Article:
Analyzing the Impacts of COVID-19 on Non-Profits



Not-for-profit (NFP) organizations across the country may operate differently from for-profit organizations and businesses, but they are feeling the impact of the coronavirus just as acutely. Like their for-profit counterparts, nonprofit organizations were caught off guard by sudden shifts in how business is done. Every facet of operation from fundraising to recruiting and organizing volunteers faced new challenges while exacerbating existing pain points. Looking beyond the commonalities, however, it is important to analyze the impacts specific to NFP organizations and the strategies that ultimately proved useful in mitigating their affects.

In an interview with the Journal of Accountancy, Amy West, CPA, CGMA and the COF of AHRC in New York City discussed the twofold dilemma of NFPs during the COVID-19 pandemic which is that during times of uncertainty donations tend to decline while the need for services provided by NFPs increase. Still, West maintains there are several opportunities for NFPs in the current environment, including telecommuting, alternative work schedules, reducing real property footprints, realizing the full potential of a technology strategic plan and automating manual processes, such as payroll and accounts payable1.

Indeed, technology is proving to be something of a theme for those organizations finding strategies to not only maintain operations but to improve processes and become more adaptable amid fluctuating circumstances. For example, the Accounting Aid Society, which provides full-service tax assistance to families and individuals with incomes up to $56,000 annually, recently received recognition as the 2020 Best-Managed Nonprofit in the under $3 million revenue category, according to Crain’s Detroit Busines.

The Accounting Aid Society was in the middle of their tax season when mandated closures forced them to shut down all of its physical locations. “It was a critical time for our clients to be able to access refunds,” Accounting Aid President Kathleen Hatke Aro told Crain’s. “They count on the returns to pay bills, keep food on the table, buy necessities and make down payments on homes and cars. That’s why we said it’s not an option to just stop, to not do anything.”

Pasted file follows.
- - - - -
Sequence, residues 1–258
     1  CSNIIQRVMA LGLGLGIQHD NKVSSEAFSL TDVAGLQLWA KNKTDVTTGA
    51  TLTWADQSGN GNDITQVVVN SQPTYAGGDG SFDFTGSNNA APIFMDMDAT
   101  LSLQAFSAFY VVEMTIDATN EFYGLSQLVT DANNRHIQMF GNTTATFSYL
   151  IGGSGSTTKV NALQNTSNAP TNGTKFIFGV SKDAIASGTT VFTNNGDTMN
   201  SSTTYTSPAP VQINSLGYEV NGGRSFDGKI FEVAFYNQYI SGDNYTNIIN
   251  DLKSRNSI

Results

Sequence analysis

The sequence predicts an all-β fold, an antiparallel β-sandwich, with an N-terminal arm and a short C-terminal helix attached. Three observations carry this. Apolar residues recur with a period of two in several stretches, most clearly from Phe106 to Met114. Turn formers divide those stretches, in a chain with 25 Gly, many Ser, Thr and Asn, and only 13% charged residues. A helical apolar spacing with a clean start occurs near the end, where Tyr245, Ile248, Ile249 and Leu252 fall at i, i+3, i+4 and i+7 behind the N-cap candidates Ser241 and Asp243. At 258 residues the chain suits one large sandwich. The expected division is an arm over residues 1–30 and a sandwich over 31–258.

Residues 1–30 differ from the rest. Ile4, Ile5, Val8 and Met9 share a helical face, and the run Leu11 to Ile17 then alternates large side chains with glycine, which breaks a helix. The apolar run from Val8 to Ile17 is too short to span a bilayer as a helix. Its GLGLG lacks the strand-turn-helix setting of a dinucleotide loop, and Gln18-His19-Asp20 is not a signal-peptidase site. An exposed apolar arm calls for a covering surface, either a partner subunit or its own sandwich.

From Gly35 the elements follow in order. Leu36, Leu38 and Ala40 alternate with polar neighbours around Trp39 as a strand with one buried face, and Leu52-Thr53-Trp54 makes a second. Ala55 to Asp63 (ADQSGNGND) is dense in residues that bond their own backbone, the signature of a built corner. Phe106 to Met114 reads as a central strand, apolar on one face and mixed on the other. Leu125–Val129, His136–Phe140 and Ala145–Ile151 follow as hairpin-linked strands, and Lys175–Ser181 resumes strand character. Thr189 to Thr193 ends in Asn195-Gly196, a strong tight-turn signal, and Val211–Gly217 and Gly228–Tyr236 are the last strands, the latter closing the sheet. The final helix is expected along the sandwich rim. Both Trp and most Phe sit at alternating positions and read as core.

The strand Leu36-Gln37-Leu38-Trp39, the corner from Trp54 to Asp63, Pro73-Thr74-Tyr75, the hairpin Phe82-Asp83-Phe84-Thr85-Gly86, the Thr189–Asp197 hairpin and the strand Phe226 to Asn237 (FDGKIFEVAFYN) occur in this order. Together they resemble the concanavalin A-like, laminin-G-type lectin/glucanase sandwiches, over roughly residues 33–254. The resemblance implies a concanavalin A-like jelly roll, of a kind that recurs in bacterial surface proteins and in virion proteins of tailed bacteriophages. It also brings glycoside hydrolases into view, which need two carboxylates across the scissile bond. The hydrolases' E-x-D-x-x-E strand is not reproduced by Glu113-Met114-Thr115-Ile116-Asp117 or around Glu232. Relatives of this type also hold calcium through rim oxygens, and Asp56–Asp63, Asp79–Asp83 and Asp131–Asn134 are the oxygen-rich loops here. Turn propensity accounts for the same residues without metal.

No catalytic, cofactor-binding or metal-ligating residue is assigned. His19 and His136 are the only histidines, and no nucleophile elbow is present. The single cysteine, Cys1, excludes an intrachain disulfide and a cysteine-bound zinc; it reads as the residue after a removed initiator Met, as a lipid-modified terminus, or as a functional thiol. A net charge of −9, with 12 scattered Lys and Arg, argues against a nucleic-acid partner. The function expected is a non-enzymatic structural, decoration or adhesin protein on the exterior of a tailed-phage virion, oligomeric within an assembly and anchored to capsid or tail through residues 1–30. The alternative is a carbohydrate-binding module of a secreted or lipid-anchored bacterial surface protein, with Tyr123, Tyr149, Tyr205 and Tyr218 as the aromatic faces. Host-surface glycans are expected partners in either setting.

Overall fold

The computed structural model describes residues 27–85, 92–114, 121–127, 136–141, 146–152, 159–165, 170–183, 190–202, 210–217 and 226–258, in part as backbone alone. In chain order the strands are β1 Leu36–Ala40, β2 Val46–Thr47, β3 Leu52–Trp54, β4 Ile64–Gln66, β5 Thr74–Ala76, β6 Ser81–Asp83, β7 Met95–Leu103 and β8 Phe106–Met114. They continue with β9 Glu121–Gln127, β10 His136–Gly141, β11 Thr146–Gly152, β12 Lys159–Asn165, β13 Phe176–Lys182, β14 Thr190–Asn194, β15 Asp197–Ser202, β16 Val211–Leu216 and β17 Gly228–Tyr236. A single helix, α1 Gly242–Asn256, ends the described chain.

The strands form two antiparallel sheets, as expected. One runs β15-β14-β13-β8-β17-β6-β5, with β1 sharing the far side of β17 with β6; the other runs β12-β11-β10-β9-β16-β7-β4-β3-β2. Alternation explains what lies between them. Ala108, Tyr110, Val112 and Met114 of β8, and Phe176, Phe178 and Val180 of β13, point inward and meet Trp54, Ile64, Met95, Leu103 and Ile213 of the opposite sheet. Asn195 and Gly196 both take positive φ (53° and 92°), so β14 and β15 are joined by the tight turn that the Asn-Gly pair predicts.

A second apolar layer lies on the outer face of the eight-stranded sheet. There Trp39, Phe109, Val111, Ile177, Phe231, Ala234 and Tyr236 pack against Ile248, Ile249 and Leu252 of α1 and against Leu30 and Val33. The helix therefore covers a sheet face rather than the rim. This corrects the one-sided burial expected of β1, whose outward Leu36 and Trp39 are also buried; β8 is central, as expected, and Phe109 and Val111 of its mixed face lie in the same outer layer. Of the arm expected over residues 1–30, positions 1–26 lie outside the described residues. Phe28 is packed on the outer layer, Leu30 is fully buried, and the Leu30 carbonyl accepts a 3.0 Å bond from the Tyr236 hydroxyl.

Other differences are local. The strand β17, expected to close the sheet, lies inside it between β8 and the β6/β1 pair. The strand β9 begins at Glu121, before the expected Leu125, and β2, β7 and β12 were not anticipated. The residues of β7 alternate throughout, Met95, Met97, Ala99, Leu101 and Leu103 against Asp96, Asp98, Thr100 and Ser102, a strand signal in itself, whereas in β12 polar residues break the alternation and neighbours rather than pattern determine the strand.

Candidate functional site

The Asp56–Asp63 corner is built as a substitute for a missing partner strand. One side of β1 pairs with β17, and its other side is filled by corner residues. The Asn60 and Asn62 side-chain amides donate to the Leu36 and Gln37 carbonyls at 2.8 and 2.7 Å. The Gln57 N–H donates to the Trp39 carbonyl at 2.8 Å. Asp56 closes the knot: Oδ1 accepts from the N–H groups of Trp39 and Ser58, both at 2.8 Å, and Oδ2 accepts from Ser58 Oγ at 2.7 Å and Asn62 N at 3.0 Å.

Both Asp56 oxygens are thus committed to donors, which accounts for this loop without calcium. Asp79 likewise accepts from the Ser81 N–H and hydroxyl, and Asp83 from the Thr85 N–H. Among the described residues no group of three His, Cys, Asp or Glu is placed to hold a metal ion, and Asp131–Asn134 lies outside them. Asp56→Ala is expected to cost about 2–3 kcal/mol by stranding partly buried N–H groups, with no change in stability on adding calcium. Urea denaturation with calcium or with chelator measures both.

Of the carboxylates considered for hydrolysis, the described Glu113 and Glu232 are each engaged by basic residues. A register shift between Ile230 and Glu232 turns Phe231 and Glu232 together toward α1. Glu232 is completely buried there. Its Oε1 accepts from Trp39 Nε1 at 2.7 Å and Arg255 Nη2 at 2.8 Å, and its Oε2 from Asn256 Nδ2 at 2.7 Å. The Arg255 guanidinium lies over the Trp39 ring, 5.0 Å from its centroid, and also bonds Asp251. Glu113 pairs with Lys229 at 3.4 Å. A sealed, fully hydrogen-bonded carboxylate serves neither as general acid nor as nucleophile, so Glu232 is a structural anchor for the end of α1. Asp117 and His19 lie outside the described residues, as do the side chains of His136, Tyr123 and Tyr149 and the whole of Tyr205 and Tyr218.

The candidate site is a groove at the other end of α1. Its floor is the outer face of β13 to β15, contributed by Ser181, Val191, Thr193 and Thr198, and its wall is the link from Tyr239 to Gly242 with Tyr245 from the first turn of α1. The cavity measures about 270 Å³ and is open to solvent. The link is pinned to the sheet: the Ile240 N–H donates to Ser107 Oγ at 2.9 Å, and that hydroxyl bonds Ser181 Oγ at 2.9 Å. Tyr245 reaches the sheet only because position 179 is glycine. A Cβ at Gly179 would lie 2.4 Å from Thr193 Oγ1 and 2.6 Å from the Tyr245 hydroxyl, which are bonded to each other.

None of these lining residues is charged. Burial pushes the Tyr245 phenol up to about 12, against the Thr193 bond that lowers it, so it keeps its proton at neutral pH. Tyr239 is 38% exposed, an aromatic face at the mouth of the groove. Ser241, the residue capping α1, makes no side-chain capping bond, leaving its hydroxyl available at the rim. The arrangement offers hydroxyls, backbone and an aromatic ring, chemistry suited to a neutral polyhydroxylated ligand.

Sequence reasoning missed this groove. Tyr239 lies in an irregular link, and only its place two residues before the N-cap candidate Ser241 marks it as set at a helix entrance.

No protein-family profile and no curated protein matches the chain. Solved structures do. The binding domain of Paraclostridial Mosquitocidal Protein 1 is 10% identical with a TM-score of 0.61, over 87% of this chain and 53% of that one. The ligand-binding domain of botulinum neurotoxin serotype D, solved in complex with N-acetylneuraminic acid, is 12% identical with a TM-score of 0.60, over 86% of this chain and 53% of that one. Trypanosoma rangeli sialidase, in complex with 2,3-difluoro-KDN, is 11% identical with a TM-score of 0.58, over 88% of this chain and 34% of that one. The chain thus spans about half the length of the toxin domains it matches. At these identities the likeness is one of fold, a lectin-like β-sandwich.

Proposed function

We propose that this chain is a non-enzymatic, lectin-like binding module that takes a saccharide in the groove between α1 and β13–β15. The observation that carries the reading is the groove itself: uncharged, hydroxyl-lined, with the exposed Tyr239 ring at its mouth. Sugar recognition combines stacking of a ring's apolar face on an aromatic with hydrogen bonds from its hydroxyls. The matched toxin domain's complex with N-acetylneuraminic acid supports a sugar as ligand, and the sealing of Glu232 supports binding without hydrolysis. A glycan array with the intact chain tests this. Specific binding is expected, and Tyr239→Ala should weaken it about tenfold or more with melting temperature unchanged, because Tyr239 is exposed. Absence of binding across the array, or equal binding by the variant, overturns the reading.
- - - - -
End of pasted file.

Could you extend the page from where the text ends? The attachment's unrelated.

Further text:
Which is why, remote operations for the NFP’s call center were established and up and running within a week and, just a month after closing those sites, Accounting Aid Society launched a secure, online, free tax preparation service using a piecemeal assembly of commercial software products to service their clients. Tax preparations resumed and, what is more, discovered that 90 percent of their clients preferred the online method2.

The key takeaways from NFPs seem to have a common theme: Innovation, communication and leveraging all manner of tech to get the job done. This #GivingTuesday, the MICPA is asking members to find ways to support one another, as we continue to look for new and innovative ways to support our ever-expanding network of professionals, students, educators and contributors.

  1. Amato, Neil. “COVID-19 Lessons for Not-For-Profits.” Journal of Accountancy. 14 Oct. 2020. Accessed on 30 Nov. 2020.
  2. Welch, Sherri. “Winner: Nonprofit Under $3 Million Accounting Aid Ensure Stimulus.” Crain’s Detroit Business. 20 Nov. 2020. Accessed on 30 Nov. 2020.

Source: MICPA

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